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Port of New York Authority v. Howell

Decided: July 27, 1961.


Price, Gaulkin and Sullivan. The opinion of the court was delivered by Price, S.j.a.d.


Appellant property owners seek the reversal of judgments entered in the Superior Court, Law Division, in condemnation actions instituted by the Port of New York Authority. The Authority elected, pursuant to the option accorded to it by N.J.S.A. 32:1-132, to proceed under the Airport Act, N.J.S.A. 32:1-35.15. The challenged judgments were entered after an extensive trial without a jury. By order of this court the appeals from the respective judgments were consolidated.

Two properties, both located in the Borough of Fort Lee, were the subject of the condemnation proceedings here under review -- one known as the Howell property, the other as the property of M and D Realty Co., Inc. The properties,

with many others, were the subject of acquisition by the Port of New York Authority for the construction of approaches to George Washington Bridge in connection with the addition of a second deck to that structure.

The Howell property had a frontage of 180 feet on South Marginal Road (facing an area known as Bridge Plaza, west of the approach to the George Washington Bridge) and 50 feet on an arc on Center Avenue. The property had an average depth of 53 feet and contained 9,800 square feet. At the time of the taking, September 5, 1958, a two and one-half story dwelling house and garage were located on the lot. The trial court entered judgment for the "taking" of the Howell property in the sum of $39,134. Port of N.Y. Authority v. Howell , 59 N.J. Super. 343, 352 (Law Div. 1960).

The property of M and D Realty Co., Inc. was located on the southeast corner of South Marginal Road and Lemoine Avenue. It contained 7,215 square feet. With the exception of a small shanty the land at the time of the "taking," October 17, 1958, was vacant. It was operated as a used car lot. Judgment in the condemnation action was awarded by the trial court in favor of the property owner in the sum of $54,990.

The propriety of the aforesaid judgments is challenged on several grounds, some of which apply to both appeals. Where the subject matter discussed is applicable to one property and not to the other we shall so indicate.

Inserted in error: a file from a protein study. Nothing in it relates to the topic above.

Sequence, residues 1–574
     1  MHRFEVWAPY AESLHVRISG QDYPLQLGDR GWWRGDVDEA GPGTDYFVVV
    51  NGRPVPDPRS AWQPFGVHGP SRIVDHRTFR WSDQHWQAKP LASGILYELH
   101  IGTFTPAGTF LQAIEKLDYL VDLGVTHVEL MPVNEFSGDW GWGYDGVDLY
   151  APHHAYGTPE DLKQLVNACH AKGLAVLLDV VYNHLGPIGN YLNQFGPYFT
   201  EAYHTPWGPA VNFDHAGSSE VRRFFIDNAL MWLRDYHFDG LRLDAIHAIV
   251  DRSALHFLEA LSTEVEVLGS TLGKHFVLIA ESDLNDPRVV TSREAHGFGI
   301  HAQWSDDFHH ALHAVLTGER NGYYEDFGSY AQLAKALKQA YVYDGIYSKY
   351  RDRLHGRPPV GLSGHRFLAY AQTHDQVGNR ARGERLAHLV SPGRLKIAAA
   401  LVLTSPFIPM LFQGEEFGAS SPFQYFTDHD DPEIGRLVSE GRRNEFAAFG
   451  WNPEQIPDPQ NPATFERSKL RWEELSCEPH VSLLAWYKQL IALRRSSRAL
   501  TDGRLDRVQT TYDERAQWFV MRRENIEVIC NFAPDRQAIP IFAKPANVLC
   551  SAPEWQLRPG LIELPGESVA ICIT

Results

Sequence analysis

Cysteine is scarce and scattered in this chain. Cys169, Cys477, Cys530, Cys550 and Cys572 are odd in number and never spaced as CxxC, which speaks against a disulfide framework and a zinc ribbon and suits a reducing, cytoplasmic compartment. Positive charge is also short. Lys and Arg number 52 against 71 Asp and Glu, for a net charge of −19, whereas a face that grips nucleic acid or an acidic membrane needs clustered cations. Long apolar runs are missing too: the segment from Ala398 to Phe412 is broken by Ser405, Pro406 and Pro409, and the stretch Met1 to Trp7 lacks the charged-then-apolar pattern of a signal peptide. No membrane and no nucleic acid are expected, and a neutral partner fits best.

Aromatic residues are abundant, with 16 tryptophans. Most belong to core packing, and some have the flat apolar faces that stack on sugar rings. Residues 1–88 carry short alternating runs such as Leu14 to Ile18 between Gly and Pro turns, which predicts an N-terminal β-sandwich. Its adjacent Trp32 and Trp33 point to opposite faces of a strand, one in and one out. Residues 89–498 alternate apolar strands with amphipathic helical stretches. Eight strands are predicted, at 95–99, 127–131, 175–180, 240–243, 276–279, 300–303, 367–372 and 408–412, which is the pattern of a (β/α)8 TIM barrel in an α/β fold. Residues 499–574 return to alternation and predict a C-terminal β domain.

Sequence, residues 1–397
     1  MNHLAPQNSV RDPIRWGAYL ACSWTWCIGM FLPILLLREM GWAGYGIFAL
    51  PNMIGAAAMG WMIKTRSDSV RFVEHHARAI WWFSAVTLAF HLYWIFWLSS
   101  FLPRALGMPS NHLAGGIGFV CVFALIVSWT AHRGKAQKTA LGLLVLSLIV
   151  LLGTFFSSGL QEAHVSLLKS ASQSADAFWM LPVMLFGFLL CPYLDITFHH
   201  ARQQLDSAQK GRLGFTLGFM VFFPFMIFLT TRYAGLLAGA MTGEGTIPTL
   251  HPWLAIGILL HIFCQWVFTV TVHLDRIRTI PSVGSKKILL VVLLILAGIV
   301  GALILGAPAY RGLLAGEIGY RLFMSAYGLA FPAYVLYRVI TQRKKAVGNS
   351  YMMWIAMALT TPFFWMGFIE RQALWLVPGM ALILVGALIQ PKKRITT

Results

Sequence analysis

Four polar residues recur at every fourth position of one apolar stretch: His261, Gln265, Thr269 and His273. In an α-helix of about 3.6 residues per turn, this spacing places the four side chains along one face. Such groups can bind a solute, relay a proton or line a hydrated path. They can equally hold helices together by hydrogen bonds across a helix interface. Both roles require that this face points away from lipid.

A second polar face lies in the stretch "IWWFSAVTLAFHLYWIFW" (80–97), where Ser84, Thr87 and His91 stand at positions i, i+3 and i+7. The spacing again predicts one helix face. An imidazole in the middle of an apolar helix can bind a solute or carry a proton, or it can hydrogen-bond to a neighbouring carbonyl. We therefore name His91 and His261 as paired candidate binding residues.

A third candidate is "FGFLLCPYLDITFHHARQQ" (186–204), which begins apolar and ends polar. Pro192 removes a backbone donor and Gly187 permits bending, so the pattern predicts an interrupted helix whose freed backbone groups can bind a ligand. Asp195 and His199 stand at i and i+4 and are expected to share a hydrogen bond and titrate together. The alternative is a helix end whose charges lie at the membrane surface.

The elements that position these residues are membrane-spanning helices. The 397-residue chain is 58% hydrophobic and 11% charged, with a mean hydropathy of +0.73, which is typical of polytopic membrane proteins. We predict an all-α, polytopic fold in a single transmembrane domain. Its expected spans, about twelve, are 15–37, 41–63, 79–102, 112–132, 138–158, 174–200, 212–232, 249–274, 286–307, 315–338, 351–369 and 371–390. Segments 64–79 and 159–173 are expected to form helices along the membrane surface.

Initially appellants attack N.J.S.A. 32:1-132 on constitutional grounds. The precise challenge here made was rejected in In Port of N.Y. Authority v. Heming and Cervieri , 34 N.J. 144 (1961), appeal dismissed, Cervieri, et al. v. Port of New York Authority , 81 S. Ct. 1676 (1961), decided since the appeals in the instant cases were taken. That decision is controlling in the case at bar.

Appellants next assert that the trial court erroneously compelled them to produce their proofs first instead of requiring the Port Authority to do so. Appellants state in

their brief that they feel "constrained to raise this point although our courts have stated that this determination is a matter of discretion of the trial court * * *. Ringwood Co. v. North Jersey District Water Supply Commission , 105 N.J.L. 165 (E. & A. 1928)." Appellants urge that the Ringwood decision is inequitable and that there is "no cogent reason why the old rule * * * should continue to be followed." We perceive no reason why it should not be followed. The trial court in the case at bar adhered to the practice which has existed in this State for many years. Appellants advance the further contention that in a non-jury condemnation case (emphasis supplied), such as the one at bar, the "condemning authority should be compelled * * * to proceed first." No persuasive reason is advanced why any different rule should prevail in a nonjury case.

Appellants next contend that in the presentation of appellant Howell's case the trial court committed prejudicial error in refusing to admit proffered evidence of a month to month rental of $500 paid to the Port Authority as lessor of the aforesaid M and D Realty Co., Inc. property, following the Authority's acquisition of it. The suggested relevancy of the proposed proof was that the M and D property was a tract comparable with Howell and that implicit in the rental arrangement was an expression of the Authority's own view of the valuation of the M and D property, thus making the suggested proof evidential in the Howell case. However, it was in evidence that the tenant had paid rent of $500 per month prior to the acquisition as well. With the same general approach appellants sought, unsuccessfully, through the medium of testimony of their real estate expert, to introduce evidence of a sale on January 15, 1959 of allegedly comparable property. Under the particular facts of the instant case we determine that the court's ruling was within its "wide discretion," (In re Port of New York Authority , 28 N.J. Super. 575, 581 (App. Div. 1953); State, by State Highway Com'r v. Williams , 65 N.J. Super. 518, 528

(App. Div. 1961)), and that no abuse of that discretion is revealed by the record before us.

Appellants next urge that, "in weighing the lack of commercial development in the area, the trial court should have considered the fact that the owners therein were unwilling to sell their land." This argument is projected against the conceded fact that the area properties are located in the C-3 zone by the prevailing ordinance of the borough. As set forth in its opinion in the instant case, Port of N.Y. Authority v. Howell, supra , 59 N.J. Super. , at p. 350, the permissible uses under the ordinance provisions as of September 5, 1958 were substantially commercial in nature and included a wide variety of business and professional establishments. Dwellings, except ...

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